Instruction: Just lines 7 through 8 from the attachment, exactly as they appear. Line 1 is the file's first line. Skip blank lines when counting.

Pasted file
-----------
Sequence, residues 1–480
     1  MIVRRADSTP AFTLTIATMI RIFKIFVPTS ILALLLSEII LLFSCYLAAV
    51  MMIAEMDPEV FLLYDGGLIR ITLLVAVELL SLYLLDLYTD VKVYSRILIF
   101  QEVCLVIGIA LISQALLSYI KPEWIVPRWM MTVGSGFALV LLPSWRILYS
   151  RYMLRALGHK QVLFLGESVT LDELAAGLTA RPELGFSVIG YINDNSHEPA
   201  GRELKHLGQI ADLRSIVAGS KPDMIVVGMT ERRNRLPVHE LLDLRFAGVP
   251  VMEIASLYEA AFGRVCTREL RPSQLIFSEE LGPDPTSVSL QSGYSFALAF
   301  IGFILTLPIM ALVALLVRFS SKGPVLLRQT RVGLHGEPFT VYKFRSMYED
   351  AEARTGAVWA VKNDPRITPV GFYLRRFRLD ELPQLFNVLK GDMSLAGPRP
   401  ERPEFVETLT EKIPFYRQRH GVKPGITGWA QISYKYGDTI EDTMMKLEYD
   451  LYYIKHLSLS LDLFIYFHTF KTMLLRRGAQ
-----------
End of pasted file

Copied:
   251  VMEIASLYEA AFGRVCTREL RPSQLIFSEE LGPDPTSVSL QSGYSFALAF
   301  IGFILTLPIM ALVALLVRFS SKGPVLLRQT RVGLHGEPFT VYKFRSMYED